1) If you can afford it, get some outside assistance – my hubby likes the house clean, is not so good at doing it himself consistently (can do it in an emergency), but as I’m part-time working, there is no way he expects me to do it.  So I employ a cleaner.  I probably only just cover the costs of the cleaner, nursery, and a few other bits & pieces, but I’d prefer to be working part-time than not.  If I clean all the house, it doesn’t suit me, and I get overstressed, and my self-esteem drops.  So this is a good compromise for us.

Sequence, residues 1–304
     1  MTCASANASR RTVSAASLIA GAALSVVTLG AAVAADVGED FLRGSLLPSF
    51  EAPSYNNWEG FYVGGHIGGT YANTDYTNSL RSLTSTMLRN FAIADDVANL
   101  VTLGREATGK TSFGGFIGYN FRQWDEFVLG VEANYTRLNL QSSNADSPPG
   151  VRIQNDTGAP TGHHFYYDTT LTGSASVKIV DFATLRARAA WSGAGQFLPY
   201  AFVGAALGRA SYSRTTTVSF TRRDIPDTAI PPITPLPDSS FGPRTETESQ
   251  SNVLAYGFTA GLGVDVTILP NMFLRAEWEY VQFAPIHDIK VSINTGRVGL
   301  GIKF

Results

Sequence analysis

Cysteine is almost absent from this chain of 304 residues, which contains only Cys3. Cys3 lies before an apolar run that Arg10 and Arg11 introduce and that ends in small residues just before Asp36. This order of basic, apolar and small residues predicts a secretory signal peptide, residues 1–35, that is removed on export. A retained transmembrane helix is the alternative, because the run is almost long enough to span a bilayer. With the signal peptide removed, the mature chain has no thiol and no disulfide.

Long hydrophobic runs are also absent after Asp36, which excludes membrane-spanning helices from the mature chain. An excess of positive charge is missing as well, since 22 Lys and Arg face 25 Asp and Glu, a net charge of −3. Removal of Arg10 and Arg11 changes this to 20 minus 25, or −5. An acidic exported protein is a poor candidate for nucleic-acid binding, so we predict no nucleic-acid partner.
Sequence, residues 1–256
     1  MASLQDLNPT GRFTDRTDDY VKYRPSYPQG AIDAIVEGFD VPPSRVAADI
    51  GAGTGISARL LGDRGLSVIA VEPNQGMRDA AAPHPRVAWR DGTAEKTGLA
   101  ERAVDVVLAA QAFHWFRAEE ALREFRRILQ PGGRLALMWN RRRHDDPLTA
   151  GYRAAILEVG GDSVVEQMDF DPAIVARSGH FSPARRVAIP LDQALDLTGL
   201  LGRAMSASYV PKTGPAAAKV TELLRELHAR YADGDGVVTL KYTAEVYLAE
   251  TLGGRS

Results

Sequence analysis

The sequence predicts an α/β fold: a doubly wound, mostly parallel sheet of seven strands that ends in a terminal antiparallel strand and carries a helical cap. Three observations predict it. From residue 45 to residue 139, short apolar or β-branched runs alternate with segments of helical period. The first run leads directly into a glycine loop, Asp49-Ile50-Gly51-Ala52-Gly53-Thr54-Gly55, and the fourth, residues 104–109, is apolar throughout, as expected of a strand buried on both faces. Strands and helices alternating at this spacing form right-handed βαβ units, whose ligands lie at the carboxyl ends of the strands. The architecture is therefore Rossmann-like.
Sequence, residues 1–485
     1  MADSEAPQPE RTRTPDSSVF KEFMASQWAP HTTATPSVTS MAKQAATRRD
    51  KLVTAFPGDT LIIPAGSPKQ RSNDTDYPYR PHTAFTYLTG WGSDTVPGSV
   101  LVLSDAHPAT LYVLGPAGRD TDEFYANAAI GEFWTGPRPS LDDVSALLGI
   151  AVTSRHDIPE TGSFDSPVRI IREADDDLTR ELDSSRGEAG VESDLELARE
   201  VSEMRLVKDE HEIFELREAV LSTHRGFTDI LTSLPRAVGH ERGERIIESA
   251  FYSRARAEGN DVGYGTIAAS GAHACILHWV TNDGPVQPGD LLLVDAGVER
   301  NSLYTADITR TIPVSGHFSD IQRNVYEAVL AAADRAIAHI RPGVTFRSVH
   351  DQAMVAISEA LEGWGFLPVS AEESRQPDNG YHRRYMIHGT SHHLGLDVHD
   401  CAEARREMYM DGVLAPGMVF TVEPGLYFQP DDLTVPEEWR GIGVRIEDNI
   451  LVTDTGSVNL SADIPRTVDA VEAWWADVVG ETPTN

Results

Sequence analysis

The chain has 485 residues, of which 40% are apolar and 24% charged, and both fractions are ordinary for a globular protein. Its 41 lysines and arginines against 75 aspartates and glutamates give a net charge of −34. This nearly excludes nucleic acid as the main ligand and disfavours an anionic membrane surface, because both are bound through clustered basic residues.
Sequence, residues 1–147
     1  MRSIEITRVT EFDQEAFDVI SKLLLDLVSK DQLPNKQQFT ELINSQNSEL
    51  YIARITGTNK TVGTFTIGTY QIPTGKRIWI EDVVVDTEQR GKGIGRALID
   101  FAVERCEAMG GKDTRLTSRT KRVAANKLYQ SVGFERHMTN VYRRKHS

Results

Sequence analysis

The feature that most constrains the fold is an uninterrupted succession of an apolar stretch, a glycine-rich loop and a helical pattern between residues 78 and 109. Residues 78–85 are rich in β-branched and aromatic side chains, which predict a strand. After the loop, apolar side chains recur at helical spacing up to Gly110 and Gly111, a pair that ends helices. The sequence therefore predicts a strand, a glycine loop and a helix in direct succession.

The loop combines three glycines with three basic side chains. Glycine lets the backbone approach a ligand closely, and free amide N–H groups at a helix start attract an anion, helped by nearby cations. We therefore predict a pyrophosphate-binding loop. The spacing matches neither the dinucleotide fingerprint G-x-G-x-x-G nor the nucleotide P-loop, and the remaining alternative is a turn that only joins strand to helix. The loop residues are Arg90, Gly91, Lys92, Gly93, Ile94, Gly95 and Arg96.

2) If there is a chance that you can persuade your other half to help out then learn the art of negotiation – have a think about what your other half values and enjoys in life.  Then have a think about the things that you would like to delegate to him.  Which suit him best?  For example, bins is great for mine, because it’s not every day.  Emptying the dish washer was our agreement for getting one, because I’ve always hated doing that for some reason.  None are too ‘heavy’.  Then have a think about how you can sell it to him in a way that works for him.  It worked for me to say that doing the bins was tricky because were I am it takes ages to sort out the recycling and that would lead to a stressed and frantic child.  I’ve also asked for help in getting my little boy into his pj’s, because if hubby gets home before DS is in bed, it will delay things, and then if I do everything, we won’t get much chance to sit together in the evening before I’m shattered and off to bed.  If he helps, it gives us 10 more precious minutes together.  Now these might not work for your bloke, but something will.